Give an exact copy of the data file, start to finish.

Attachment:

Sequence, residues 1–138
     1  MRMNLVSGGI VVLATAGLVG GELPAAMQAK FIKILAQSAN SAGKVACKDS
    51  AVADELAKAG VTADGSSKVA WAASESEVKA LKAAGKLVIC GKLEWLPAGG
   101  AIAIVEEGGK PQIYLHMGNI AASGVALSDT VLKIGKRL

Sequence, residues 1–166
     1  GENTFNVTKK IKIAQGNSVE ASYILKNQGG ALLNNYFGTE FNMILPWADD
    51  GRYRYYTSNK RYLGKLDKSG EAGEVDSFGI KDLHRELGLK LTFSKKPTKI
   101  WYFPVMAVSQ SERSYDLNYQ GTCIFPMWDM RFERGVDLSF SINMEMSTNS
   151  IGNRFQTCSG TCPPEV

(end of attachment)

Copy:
Sequence, residues 1–138
     1  MRMNLVSGGI VVLATAGLVG GELPAAMQAK FIKILAQSAN SAGKVACKDS
    51  AVADELAKAG VTADGSSKVA WAASESEVKA LKAAGKLVIC GKLEWLPAGG
   101  AIAIVEEGGK PQIYLHMGNI AASGVALSDT VLKIGKRL

Sequence, residues 1–166
     1  GENTFNVTKK IKIAQGNSVE ASYILKNQGG ALLNNYFGTE FNMILPWADD
    51  GRYRYYTSNK RYLGKLDKSG EAGEVDSFGI KDLHRELGLK LTFSKKPTKI
   101  WYFPVMAVSQ SERSYDLNYQ GTCIFPMWDM RFERGVDLSF SINMEMSTNS
   151  IGNRFQTCSG TCPPEV